Bone Marrow Transplants:
National Program Has Greatly Increased Pool of Potential Donors
HRD-93-11: Published: Nov 4, 1992. Publicly Released: Nov 4, 1992.
- Full Report:
Pursuant to a legislative requirement, GAO reviewed the National Marrow Donor Program (NMDP), focusing on: (1) the recruitment of volunteer marrow donors; (2) why potential donors were only partially typed for compatibility; (3) the outcomes and costs of patients' searches for donors; (4) the incorporation of changes in bone marrow research and clinical practices into the program; and (5) the role of federal funding. GAO also provided information on the American Bone Marrow Donor Registry.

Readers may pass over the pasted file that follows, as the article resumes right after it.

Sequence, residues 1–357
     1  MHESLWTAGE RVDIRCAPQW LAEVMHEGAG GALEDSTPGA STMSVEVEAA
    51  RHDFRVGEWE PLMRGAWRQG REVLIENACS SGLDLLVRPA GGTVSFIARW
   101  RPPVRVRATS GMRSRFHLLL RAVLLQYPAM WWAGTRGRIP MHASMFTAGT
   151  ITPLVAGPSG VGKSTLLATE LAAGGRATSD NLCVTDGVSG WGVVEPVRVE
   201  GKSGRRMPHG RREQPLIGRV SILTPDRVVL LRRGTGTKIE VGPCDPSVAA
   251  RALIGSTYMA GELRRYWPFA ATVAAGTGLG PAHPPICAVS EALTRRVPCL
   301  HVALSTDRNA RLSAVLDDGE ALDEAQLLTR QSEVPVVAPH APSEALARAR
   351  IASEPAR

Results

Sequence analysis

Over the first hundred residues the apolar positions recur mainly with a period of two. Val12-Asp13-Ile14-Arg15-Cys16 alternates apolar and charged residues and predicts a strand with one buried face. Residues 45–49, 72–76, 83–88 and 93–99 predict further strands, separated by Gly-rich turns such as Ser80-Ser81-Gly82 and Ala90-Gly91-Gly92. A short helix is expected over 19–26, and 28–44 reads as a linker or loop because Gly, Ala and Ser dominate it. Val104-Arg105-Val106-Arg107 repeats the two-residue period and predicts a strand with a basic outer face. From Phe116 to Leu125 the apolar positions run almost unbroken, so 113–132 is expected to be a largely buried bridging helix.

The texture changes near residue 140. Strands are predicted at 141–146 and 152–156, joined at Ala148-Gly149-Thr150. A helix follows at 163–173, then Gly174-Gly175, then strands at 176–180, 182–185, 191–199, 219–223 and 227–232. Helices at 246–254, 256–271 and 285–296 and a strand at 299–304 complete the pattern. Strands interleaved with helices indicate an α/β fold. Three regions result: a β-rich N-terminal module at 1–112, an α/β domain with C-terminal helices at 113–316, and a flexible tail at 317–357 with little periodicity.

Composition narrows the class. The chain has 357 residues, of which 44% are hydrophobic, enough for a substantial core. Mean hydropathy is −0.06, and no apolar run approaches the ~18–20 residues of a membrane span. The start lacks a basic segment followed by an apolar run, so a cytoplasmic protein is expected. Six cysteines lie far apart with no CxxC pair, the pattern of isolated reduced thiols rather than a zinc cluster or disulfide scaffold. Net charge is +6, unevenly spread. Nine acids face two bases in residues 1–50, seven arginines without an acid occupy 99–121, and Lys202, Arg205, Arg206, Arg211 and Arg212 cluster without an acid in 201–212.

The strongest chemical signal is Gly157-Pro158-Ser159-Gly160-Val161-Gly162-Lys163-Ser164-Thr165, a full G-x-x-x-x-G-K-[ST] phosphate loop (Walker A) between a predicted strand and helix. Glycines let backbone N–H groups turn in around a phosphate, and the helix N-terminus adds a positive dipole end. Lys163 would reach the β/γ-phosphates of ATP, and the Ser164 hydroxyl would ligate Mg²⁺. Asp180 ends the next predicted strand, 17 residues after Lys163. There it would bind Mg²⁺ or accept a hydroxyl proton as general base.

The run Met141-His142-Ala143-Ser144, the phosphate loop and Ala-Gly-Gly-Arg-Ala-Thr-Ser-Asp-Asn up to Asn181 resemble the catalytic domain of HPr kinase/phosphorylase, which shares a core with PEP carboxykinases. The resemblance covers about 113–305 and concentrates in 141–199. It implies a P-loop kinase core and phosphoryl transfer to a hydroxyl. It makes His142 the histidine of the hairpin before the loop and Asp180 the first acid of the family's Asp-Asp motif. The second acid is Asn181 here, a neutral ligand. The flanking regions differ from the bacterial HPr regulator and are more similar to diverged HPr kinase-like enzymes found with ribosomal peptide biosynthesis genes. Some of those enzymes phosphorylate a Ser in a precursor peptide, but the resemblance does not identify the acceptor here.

GAO found that: (1) from December 1989 to April 1992, registered donors increased from 72,900 to 560,871; (2) minority donors more than doubled to 14.2 percent, but their proportions remained considerably less than in the general population; (3) community drives recruited more than 50 percent of the new donors, and also raised funds for typing that were matched by the program; (4) because of test costs and the commonality of certain antigen combinations among nonminorities, new donors were only partially typed, but this caused delays in finding donors for patients with rarer combinations; (5) with increased federal funding, NMDP began to type fully donors with rarer antigen combinations, and to store blood of other new donors for full typing if they became potential donors for a patient; (6) although transplants increased, most search requests between September 1, 1987, and July 18, 1991, did not result in a transplant, and almost one third were cancelled; (7) the median charge for a search that resulted in a transplant was $20,000; (8) for the first 6 months of 1991, private insurers paid for 50 percent of searches, while hospitals, charitable funds and state government funds paid for 20 percent, Medicaid and Medicare paid for 15 percent, uninsured patients paid for 10 percent, and 5 percent were unreimbursed; (9) NMDP approved researchers' access to its database, member organizations, and donors, when the research supported its research priorities and had potential benefits for the program; and (10) NMDP is participating in bone marrow research and is beginning to incorporate preliminary research findings into its program.